The 1970s was an exceptionally fecund period for Zerbe's career, with literally dozens of film and television credits to his name throughout the decade. He landed one of his most memorable turns as the news anchor-turned-leader of an albino cult of apocalypse survivors in the cult science fiction favorite "The Omega Man" (1971), which reunited him with Charlton Heston. He later provided one of the most indelible moments in Franklin Schaffner's "Papillon" (1973) as Toussaint, the leper bandit chief who aided Steve McQueen in his escape from Devil's Island, and provided capable support and menace to such established stars as Paul Newman, whom he assaulted in John Huston's "The Life and Times of Judge Roy Bean" (1972); Walter Matthau and Bruce Dern in "The Laughing Policeman" (1973); Warren Beatty in Alan J. Pakula's "The Parallax View" (1974); John Wayne, who pursued Zerbe's nitroglycerine-toting bandit in "Rooster Cogburn" (1975); and Robert Mitchum as Philip Marlowe in "Farewell, My Lovely" (1975). A year later, he won an Emmy Award for Best Supporting Actor in a Drama Series for "Harry O" (ABC, 1974-76) as Lt. K.C. Trench, foil and occasional ally to laconic private eye David Janssen.
The late 1970s and early 1980s saw Zerbe appear more frequently on television in major TV-movies and miniseries like "Centennial" (NBC, 1978-79) as con man-turned-land baron Mervin Wendell, and "Attica" (ABC, 1980) as defense attorney William Kunstler. The period was also marked by one of Zerbe's more unusual titles: "KISS Meets the Phantom of the Park" (NBC, 1978), a campy fantasy produced by cartoon kings Hanna-Barbera that pitted the rock band against Zerbe's deranged amusement park engineer. More miniseries followed, with Zerbe tackling such figures as Pontius Pilate in "A.D." (NBC, 1985) and Ulysses S. Grant in "North and South, Book II" (ABC, 1986). Memorable features were fewer and far between, with the exception of David Cronenberg's "The Dead Zone" (1983), with Zerbe as a wealthy patron of deranged Senate candidate Martin Sheen, as well as the James Bond feature "License to Kill" (1989) in which he portrayed a drug lord's henchman who meets an unpleasant fate in a decompression chamber.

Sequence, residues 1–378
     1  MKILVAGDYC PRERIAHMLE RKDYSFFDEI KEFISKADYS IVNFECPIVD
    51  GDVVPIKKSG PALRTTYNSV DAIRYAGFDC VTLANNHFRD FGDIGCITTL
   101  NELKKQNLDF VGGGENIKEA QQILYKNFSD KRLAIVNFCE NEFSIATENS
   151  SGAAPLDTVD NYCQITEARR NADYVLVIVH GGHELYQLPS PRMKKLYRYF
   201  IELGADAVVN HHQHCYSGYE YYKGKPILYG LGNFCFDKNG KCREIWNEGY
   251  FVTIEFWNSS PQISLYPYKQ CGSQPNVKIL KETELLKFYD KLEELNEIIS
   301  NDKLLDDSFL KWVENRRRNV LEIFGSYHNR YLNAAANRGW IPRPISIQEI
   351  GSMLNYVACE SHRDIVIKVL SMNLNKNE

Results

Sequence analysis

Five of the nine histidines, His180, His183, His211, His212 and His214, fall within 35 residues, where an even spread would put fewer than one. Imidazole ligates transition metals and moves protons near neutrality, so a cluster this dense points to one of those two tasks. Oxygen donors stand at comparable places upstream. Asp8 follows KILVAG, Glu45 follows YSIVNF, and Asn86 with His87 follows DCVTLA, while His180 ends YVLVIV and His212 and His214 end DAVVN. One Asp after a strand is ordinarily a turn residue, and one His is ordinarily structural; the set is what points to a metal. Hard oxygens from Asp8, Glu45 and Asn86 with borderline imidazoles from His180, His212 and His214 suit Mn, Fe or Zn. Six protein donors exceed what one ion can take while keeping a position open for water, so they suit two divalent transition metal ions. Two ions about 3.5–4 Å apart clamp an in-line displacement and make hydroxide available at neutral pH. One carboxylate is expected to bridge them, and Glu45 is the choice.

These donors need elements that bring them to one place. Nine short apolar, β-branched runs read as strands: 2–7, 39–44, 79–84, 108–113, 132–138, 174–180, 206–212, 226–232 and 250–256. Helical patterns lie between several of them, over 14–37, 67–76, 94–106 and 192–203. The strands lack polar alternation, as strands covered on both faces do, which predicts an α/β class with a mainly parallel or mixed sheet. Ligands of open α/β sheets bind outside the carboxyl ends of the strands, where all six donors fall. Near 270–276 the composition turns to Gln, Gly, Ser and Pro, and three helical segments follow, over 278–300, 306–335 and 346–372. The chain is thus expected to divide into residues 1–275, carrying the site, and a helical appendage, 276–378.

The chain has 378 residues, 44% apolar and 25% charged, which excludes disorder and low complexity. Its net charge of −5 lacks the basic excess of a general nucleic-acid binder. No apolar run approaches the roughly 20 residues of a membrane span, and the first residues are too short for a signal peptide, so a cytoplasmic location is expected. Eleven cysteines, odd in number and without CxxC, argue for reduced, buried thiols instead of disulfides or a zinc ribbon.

In 1989, Zerbe earned a plum role as the crusty leader of a group of youthful Pony Express riders on the weekly Western series "Young Riders." Though critically reviled, the series was a particular favorite among teen audiences. From there, he maintained a steady diet of TV appearances and the occasional feature, most notably "Star Trek: Insurrection" (1998) as an imperialistic Starfleet admiral bent on relocating an alien race from their home planet, and as the governor of California in Clint Eastwood's "True Crime" (1999). In 2003, a production of "Behind the Broken Words," his long-running stage tribute to classic poetry alongside fellow character actor Roscoe Lee Browne, was captured on film.
That same year, Zerbe enjoyed a recurring role as the philosophical Councilor Hamann in the second and third films in the "Matrix" trilogy, "The Matrix Reloaded" (2003) and "The Matrix Revolutions" (2003). His onscreen output slowed in the years that followed as he refocused his energy on a pair of touring stage productions: "It's All Done with Mirrors," which saw him tackle the poetry of e.e. cummings, and "Three Days of Theatre," an intensive workshop and lecture for master class actors in training. Both received exceptional acclaim during his frequent jaunts across the country to various colleges and theater companies.